Anne Diamond reveals breast cancer diagnosis, saying 'it's been a hell of a journey'

Presenter Anne Diamond has revealed her "hell of a journey" with breast cancer as she prepares to return to the television screen.

The veteran broadcaster announced her cancer diagnosis for the first time in an interview with Dan Wootton, her colleague on GB News.

Anne, 68, who has been absent from the station for six months, told Wootton she was now well enough to return to work with co-presenter Stephen Dixon for their weekend breakfast show, although she still needs further treatment.

She said she was aware of speculation about her absence, including rumours that she was on a world cruise.

"It's been a hell of a journey," she added. "I haven't been on a world cruise, it's been a fight against breast cancer."

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The presenter, who came to fame on BBC breakfast television in the early 1980s, appeared tearful as she admitted: "I don't have any advice for people because I'm still going through it. I'm well enough to return to work but I had the full mastectomy.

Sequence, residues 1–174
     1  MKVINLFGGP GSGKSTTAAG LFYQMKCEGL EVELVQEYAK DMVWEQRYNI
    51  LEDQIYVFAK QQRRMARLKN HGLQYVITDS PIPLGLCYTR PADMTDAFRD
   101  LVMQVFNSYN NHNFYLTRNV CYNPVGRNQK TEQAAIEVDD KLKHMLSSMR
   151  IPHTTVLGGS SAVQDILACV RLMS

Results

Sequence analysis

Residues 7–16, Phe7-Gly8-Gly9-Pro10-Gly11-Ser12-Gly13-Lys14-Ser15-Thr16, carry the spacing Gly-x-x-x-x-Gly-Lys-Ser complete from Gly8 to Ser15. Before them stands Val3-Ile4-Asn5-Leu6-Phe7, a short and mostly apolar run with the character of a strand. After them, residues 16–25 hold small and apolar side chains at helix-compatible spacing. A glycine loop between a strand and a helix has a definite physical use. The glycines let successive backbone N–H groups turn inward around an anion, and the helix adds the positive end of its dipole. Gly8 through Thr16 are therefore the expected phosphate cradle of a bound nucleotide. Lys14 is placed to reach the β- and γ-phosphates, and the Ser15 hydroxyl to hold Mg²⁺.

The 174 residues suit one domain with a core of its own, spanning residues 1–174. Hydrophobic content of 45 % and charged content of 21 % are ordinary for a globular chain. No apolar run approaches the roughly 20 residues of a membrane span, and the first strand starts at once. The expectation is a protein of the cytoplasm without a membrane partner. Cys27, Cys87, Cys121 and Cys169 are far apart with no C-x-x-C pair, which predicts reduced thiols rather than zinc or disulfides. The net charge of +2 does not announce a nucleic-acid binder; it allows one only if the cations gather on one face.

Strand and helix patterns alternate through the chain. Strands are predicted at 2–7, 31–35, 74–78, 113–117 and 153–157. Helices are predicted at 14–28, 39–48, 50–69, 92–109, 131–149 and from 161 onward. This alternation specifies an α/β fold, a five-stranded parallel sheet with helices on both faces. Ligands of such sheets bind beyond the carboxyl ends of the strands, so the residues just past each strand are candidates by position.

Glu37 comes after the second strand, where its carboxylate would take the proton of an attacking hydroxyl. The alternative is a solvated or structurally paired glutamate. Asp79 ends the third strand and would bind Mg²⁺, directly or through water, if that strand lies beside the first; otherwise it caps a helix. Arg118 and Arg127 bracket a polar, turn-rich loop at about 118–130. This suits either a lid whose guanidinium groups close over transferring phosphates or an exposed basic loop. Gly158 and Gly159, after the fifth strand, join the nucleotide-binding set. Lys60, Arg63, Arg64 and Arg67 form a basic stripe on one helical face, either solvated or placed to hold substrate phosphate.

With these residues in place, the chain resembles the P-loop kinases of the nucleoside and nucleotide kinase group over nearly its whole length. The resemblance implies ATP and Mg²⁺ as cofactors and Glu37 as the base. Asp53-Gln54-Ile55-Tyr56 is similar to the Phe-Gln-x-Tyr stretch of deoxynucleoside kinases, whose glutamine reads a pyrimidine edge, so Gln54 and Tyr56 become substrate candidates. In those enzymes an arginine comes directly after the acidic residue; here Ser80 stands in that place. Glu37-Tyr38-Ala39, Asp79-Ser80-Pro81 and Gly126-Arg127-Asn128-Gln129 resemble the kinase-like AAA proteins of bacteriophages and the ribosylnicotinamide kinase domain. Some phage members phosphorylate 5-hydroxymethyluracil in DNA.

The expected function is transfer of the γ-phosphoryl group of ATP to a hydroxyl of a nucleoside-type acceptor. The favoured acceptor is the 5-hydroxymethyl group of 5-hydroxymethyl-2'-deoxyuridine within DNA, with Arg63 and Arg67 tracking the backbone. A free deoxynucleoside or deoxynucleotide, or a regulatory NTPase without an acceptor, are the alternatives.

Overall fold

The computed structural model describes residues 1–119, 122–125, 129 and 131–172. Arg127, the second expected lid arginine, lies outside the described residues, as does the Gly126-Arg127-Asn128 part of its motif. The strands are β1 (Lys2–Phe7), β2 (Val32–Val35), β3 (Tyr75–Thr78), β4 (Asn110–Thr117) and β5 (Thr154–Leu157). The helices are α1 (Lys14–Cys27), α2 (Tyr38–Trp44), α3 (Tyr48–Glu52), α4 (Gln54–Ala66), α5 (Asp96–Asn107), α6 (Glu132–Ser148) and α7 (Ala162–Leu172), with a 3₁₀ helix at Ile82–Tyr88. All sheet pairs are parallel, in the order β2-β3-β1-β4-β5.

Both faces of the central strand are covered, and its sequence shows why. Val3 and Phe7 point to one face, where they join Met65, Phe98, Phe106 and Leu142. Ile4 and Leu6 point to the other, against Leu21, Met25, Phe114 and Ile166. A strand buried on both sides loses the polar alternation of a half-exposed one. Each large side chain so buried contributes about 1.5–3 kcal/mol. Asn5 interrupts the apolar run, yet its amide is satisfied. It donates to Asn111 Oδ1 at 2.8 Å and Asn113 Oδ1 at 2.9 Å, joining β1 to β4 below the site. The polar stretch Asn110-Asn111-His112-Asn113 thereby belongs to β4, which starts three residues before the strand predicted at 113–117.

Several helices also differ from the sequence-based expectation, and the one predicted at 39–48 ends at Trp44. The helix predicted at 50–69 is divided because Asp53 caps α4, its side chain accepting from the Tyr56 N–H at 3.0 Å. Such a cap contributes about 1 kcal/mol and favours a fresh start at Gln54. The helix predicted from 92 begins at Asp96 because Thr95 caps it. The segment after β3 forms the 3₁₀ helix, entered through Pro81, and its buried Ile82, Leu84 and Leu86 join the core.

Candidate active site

"This is the first time I've talked about it so it's quite difficult. The first operation I had was nine hours long.

"It was nine hours of removal and rebuild, that took a long time to get over. I then had a lumpectomy just to make sure they can trace the travel if the cancer has spread at all. Luckily I don't think they did [track any].

"I've also had a lot of radiotherapy, which I found very hard. It has been a journey.

"I am not pretending for a minute I am extraordinary because I am fully aware that a quarter of women in this country are going through what I've just gone through and I don't have any advice to give, I just have empathy."

Anne also revealed that she was diagnosed with cancer at what she had expected to be a routine screening on the same day she learnt she had been awarded an OBE for her work on preventing cot deaths after the loss of her own four-month-old son Sebastian in 1991.

She said: "You know, you are sort of taught that if something good happens to you, something bad happens to you to slap you back.

"That morning, I got an email from the Cabinet Office saying, ,'Congratulations you are to be awarded OBE' for my cot death campaign back in 1991.

"I had to go to a breast cancer screening later in the morning and I thought I would just go for a mammogram and a couple of tests and I'd be free in an hour."

By lunchtime, however, the arrival of a "lovely lady with a lanyard round her neck which said MacMillan Cancer Care" heralded the devastating diagnosis.

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